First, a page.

It is time for a FIRST Wild Card Tour book review! If you wish to join the FIRST blog alliance, just click the button. We are a group of reviewers who tour Christian books. A Wild Card post includes a brief bio of the author and a full chapter from each book toured. The reason it is called a FIRST Wild Card Tour is that you never know if the book will be fiction, non~fiction, for young, or for old...or for somewhere in between! Enjoy your free peek into the book!
You never know when I might play a wild card on you!
Today's Wild Card author is:
and the book:
Thomas Nelson (January 3, 2012)
***Special thanks to
Audra Jennings – The B&B Media Group – for sending me a review copy.***
ABOUT THE AUTHOR:
Denise lives in Indiana with her husband Kevin and their three sons. In 1996, Denise began her first book, a Christian romance novel, writing while her children napped. Two years later it was published, and she's been writing ever since. Her books often contain a strong romantic element, and her husband Kevin says he provides all her romantic material, but Denise insists a good imagination helps too!
Visit the author's website.
SHORT BOOK DESCRIPTION:
Shay Brandenberger has built her entire life on the shifting sands of what others think. Constantly seeking the approval of others, she has struggled through a rocky childhood, a failed marriage and single parenthood. Now it looks like she’s losing the ranch that has been in her family for three generations, a surefire way to mark her as a failure in the eyes of the community. When Travis McCoy, the high school sweetheart who very publicly broke her heart fifteen years before, returns to Moose Creek, she is less than pleased. Not only does his re-appearance dredge up a deluge of painful memories, it also reminds everyone in town that it was he who left her, not the other way around. To make matters worse, Shay and Travis are unwittingly paired to play bride and groom in the annual Founder’s Day wedding re-enactment where, much to her chagrin, she discovers he still has the power to take her breath away.
List Price: $15.99
- Paperback: 304 pages
- Publisher: Thomas Nelson (January 3, 2012)
- Language: English
- ISBN-10: 1595548025
- ISBN-13: 978-1595548023
AND NOW...THE FIRST CHAPTER:
The bell above the diner’s door jingled
and—despite her most valiant effort—Shay Brandenberger’s eyes darted toward the
entry. An unfamiliar couple entered—tourists. She could tell by their khaki
Eddie Bauer vests and spanking-new hiking boots. Look out, Yellowstone.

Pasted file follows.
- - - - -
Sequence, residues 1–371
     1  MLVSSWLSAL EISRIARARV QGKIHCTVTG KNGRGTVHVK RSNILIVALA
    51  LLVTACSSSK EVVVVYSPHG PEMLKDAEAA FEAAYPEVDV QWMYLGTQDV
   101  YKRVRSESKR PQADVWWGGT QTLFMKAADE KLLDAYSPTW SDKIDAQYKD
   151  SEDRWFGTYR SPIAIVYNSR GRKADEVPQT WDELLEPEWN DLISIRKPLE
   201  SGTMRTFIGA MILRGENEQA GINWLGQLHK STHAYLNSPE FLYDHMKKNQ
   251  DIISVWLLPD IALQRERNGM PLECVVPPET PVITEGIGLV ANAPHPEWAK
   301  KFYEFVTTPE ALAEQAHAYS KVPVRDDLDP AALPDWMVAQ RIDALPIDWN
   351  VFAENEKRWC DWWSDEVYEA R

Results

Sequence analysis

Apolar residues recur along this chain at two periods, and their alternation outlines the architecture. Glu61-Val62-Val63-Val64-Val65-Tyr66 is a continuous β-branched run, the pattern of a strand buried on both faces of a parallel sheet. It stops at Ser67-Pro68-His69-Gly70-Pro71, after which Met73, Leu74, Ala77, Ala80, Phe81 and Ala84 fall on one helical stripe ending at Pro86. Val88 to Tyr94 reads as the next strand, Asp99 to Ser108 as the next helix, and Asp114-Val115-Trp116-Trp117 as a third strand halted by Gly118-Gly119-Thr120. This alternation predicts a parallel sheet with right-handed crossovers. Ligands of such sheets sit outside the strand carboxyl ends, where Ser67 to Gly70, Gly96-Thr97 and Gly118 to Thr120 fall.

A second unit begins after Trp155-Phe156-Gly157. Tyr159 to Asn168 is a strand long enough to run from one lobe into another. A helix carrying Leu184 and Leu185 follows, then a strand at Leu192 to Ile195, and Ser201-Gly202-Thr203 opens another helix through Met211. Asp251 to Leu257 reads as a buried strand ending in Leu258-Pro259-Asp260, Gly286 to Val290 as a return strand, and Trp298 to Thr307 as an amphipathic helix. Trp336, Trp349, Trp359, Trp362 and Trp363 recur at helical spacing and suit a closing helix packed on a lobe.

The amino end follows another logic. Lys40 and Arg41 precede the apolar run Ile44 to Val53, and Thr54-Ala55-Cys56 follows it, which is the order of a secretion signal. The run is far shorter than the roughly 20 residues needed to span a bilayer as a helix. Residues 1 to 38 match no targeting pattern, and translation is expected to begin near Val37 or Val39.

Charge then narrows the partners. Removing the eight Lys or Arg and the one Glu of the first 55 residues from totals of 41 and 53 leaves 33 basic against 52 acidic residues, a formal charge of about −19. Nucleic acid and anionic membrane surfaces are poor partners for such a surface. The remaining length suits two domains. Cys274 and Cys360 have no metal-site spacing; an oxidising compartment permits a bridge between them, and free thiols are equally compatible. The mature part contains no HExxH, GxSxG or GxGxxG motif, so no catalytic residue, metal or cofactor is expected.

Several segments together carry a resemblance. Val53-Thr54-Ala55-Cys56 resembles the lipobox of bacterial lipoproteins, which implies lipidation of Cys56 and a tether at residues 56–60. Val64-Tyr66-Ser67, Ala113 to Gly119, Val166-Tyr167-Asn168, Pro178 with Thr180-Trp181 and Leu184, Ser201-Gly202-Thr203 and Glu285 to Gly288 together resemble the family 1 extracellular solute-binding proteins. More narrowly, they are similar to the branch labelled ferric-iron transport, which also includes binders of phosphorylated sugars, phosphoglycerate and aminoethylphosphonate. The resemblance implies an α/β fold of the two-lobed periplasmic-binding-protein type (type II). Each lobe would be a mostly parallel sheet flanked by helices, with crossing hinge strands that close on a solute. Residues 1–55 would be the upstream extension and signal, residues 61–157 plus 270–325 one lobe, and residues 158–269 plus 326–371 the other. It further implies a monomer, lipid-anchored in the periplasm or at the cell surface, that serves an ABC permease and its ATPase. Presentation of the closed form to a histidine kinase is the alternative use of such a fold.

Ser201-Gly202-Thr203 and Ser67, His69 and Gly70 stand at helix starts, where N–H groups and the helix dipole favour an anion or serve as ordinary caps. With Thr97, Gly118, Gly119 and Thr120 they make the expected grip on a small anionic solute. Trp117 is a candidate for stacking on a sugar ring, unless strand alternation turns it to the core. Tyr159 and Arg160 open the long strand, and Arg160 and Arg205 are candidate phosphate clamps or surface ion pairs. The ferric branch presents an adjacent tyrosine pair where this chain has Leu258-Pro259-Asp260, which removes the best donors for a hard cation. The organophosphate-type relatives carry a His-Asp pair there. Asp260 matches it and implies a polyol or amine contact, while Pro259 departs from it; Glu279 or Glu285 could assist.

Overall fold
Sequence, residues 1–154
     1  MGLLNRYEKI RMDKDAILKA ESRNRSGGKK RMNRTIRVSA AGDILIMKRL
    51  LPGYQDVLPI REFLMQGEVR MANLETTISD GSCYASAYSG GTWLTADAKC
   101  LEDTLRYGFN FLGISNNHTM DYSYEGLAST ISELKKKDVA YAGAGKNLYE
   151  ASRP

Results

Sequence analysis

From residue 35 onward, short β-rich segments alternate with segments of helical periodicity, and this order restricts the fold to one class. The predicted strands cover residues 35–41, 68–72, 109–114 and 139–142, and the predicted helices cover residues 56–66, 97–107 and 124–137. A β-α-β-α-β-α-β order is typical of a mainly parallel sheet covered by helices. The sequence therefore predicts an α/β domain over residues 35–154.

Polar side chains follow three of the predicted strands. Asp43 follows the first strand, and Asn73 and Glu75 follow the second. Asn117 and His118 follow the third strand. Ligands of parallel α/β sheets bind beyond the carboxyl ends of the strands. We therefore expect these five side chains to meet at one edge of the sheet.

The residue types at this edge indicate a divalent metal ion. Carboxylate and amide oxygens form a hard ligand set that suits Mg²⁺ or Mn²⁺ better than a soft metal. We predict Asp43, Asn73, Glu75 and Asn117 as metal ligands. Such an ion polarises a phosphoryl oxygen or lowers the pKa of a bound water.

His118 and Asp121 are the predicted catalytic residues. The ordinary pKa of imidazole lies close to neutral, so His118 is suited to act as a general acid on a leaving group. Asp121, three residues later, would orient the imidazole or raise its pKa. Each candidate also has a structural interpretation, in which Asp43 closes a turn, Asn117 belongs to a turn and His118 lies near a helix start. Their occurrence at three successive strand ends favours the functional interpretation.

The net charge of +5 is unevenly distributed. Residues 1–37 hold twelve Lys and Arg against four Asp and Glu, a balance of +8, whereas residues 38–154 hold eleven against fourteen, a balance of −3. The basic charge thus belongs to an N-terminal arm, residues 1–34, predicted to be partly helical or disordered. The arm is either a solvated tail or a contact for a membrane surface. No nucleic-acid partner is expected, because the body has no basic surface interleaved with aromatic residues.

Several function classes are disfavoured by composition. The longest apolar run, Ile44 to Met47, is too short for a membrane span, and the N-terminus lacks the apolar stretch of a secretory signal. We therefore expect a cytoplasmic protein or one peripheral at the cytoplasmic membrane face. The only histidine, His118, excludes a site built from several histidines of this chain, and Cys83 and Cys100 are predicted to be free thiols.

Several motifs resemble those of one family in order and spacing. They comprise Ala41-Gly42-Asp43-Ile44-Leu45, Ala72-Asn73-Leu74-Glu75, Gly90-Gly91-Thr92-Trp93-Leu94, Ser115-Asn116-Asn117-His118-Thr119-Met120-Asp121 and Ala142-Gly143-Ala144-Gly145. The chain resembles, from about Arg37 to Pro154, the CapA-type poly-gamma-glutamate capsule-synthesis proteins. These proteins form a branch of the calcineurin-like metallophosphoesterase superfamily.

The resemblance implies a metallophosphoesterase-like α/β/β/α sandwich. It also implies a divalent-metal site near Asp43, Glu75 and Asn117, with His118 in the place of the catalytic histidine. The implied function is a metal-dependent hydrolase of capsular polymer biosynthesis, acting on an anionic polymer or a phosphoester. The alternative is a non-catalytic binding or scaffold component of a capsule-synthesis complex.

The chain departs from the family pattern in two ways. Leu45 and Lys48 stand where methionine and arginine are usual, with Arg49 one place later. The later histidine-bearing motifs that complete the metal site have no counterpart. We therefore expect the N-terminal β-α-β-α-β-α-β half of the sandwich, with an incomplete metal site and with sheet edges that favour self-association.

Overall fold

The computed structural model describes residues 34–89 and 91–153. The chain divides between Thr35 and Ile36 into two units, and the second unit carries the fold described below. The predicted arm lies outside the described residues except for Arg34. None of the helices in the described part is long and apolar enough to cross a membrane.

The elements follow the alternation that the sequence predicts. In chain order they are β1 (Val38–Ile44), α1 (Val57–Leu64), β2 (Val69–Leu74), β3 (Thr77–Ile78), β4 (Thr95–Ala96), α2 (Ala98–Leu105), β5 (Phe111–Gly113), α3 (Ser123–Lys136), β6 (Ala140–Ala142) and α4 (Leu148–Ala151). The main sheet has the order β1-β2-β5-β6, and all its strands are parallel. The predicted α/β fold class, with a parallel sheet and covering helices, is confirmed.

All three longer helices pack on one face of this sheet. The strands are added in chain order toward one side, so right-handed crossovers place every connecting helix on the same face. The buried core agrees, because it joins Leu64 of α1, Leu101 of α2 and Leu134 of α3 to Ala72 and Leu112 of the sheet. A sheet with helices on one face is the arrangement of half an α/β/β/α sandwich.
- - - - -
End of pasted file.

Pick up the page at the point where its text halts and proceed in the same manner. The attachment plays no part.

When her heart rate returned to normal,
she checked her watch and took a sip of coffee. Five minutes till she met Miss
Lucy at the Doll House, forty till she met John Oakley at the bank. What if he
said no? What would they do then?
“Mom . . . Earth to Mom . . .” Olivia
waved her hand too close to Shay’s face, her brown eyes widening.
“Sorry, hon.” The one bright moment of
her Saturday was breakfast with her daughter, and she couldn’t enjoy it for the
dread. “What were you saying?”
Olivia set her fork on her
pancake-sticky plate and heaved a sigh worthy of her twelve-year-old self.
“Never mind.” She bounced across the vinyl bench, her thick brown ponytail
swinging. “I’m going to meet Maddy.”
“Right back here at noon,” Shay called,
but Olivia was out the door with the flick of her hand.
The diner buzzed with idle chatter.
Silverware clattered and scraped, and the savory smell of bacon and fried eggs
unsettled her stomach. She took a sip of the strong brew from the fat rim of
The bell jingled again. I will not look. I will
not look. I will not—
The server appeared at her booth, a new
girl, and gathered Olivia’s dishes. “On the house today.”
Shay set down her mug, bristling. “Why?”
The woman shrugged. “Boss’s orders,” she
said, then made off with the dirty dishes.
From the rectangular kitchen window,
Mabel Franklin gave Shay a pointed look.
So Shay had helped the couple with their
foal the week before. It was the neighborly thing to do.
Fine. She gave a reluctant smile and a
wave. She pulled her wallet from her purse, counted out the tip, and dragged
herself from the booth, remembering her daughter’s bouncy exit. Lately her
thirty-two years pressed down on her body like a two-ton boulder.
She opened the diner’s door and peeked
both ways before exiting the Tin Roof and turning toward the Doll House. She
was only checking sidewalk traffic, not hiding. Nope, she wasn’t hiding from
anyone. The boardwalks were busy on Saturdays. That was why she hadn’t come to
town for two weeks. Why their pantry was emptier than a water trough at high
She hurried three shops down and slipped
into the cool, welcoming air of Miss Lucy’s shop.
“ ’Morning, Miss Lucy.”
“ ’Morning, dear.” The elderly woman, in
the middle of helping a customer, called over her rounded shoulder, “It’s in
the back.” Miss Lucy’s brown eyes were big as buckeyes behind her thick
glasses, and her white curls glowed under the spotlights.
“Okeydoke.” Shay forced her feet toward